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Anterior cruciate ligament (ACL) tears are among the most common and costly injuries. Both surgery and rehabilitation options are available to the patient. There is a longstanding difference of opinion as to which is the better strategy for non-acute ACL injuries. This study aimed to compare patient outcome and cost effectiveness for both surgery and rehabilitation.

The study recruited 316 patients with non-acute ACL injuries and persistent instability. This cohort was randomized onto either immediate surgery or rehabilitation. Several outcomes were assessed. Primarily the Knee Injury and Osteoarthritis Outcome Score was compared, but other factors that were compared included quality of life measures, the Tegner activity score (measures activity ranging from zero – disability due to knee injury; to 10 – elite level sport stability), resource use, complications, and patient satisfaction. All patients were followed up at 18 months. The study results determined that both groups showed improvement, though, patients who received immediate surgery had significantly better knee function, pain, patient satisfaction, and Tegner activity scores compared to the rehabilitation group. Cost effectiveness was 72% more likely in patients having had surgery compared to those who had rehabilitation.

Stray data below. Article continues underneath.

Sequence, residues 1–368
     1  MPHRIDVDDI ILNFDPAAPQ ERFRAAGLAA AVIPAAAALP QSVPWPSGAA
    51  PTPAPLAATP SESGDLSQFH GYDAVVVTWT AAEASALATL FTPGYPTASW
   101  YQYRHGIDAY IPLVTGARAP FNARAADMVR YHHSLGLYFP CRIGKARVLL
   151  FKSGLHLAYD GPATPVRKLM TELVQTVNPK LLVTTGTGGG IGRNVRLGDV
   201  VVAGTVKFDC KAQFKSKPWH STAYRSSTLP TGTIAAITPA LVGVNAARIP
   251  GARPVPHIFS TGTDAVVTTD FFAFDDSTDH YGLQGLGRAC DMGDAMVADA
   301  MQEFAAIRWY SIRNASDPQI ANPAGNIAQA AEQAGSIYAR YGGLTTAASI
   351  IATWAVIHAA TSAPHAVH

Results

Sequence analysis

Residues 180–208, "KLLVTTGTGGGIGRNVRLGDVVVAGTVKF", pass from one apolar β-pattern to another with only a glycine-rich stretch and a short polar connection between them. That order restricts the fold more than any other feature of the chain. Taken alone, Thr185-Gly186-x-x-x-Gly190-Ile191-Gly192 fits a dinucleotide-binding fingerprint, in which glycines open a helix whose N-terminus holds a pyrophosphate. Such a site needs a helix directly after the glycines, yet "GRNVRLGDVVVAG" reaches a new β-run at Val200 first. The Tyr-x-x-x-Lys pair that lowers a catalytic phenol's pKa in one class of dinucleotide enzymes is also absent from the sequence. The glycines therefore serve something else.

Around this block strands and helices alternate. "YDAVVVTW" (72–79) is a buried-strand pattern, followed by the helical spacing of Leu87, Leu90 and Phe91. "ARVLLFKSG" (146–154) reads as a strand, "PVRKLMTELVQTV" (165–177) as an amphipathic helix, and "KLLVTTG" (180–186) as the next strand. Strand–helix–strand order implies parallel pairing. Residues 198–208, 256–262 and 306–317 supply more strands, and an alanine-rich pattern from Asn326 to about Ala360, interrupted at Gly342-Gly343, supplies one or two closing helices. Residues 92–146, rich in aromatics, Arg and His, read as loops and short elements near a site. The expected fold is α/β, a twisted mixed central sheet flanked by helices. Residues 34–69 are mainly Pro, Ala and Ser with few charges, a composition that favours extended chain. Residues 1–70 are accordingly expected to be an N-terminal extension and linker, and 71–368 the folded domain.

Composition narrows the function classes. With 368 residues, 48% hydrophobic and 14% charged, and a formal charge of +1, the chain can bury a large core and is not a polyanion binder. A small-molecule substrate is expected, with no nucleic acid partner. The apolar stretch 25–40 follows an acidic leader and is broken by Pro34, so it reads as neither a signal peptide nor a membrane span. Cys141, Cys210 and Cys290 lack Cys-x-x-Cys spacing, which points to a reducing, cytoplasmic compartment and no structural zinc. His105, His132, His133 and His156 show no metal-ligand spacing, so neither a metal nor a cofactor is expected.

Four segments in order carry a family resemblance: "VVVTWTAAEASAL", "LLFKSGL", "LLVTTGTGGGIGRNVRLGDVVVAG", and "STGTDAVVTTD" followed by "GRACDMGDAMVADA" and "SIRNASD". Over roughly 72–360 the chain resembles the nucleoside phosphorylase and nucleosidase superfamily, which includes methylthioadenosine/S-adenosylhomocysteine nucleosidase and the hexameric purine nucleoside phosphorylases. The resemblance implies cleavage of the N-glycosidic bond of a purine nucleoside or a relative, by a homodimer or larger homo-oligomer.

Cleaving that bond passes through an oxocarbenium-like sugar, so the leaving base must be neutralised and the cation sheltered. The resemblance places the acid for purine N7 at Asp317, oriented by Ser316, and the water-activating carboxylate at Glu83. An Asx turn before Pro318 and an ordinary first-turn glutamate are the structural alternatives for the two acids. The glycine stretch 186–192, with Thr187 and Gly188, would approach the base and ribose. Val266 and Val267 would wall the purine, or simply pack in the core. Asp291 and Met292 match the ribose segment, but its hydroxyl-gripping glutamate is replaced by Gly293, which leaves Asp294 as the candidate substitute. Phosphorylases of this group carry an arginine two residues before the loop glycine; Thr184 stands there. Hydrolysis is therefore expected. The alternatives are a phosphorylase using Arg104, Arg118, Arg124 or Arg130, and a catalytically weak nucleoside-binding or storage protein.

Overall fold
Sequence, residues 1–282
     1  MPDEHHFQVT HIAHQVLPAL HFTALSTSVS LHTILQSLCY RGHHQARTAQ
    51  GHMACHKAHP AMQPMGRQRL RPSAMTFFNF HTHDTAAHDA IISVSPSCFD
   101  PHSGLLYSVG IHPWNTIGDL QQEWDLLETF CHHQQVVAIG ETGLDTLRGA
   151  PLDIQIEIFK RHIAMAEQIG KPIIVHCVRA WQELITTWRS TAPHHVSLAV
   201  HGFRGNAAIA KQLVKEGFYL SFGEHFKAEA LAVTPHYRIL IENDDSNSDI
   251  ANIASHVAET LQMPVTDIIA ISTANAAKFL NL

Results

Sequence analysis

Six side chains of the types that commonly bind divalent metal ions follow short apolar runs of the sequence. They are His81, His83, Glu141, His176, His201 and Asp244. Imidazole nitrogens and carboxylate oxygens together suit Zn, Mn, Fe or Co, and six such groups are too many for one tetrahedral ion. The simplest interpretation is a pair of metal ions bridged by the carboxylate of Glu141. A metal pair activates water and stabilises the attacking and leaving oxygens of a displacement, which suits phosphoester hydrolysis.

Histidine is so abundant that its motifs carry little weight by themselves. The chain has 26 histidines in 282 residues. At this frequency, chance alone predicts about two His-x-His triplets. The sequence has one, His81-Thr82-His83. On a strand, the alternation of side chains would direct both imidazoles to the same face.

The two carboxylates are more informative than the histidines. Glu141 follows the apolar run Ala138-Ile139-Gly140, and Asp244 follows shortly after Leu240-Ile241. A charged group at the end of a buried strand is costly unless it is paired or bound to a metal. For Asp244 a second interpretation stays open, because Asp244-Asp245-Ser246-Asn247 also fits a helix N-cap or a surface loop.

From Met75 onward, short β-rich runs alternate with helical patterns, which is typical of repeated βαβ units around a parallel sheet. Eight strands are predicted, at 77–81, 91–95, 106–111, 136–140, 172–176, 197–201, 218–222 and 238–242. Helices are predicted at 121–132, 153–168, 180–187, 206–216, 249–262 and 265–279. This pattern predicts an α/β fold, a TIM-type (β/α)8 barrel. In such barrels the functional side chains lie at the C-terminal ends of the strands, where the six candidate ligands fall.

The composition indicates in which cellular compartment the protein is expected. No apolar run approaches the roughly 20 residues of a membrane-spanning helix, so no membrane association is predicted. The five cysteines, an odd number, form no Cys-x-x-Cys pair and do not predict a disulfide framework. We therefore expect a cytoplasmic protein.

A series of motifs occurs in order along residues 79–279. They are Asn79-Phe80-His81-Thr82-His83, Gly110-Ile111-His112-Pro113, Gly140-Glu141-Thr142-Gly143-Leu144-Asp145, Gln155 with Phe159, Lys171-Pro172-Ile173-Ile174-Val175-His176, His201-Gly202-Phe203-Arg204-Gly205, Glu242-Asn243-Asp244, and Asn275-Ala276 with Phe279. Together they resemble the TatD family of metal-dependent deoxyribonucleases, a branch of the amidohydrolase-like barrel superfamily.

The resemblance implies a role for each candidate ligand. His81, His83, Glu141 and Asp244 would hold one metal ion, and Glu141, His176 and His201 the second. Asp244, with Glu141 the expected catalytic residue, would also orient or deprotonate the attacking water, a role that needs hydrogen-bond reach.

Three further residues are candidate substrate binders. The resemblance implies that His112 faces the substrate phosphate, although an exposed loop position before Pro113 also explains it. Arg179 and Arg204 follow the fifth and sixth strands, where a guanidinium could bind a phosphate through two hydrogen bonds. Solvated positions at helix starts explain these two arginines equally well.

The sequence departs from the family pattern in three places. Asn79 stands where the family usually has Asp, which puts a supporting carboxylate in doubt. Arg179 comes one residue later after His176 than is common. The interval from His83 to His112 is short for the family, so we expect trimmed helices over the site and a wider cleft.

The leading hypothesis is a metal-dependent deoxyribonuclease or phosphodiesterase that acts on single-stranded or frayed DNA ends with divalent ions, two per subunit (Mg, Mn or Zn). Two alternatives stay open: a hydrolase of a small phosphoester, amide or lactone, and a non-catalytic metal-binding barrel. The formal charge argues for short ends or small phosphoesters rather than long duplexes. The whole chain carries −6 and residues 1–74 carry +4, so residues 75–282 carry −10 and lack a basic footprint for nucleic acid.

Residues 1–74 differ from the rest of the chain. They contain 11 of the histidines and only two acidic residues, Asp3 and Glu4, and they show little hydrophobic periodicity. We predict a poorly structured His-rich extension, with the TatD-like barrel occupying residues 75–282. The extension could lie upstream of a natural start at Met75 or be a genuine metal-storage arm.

For further information on this study, see

OrthoEvidence. Rehabilitation vs. Surgical Reconstruction for Non-acute Anterior Cruciate Ligament Injury. ACE Report. 2022;285(1):1.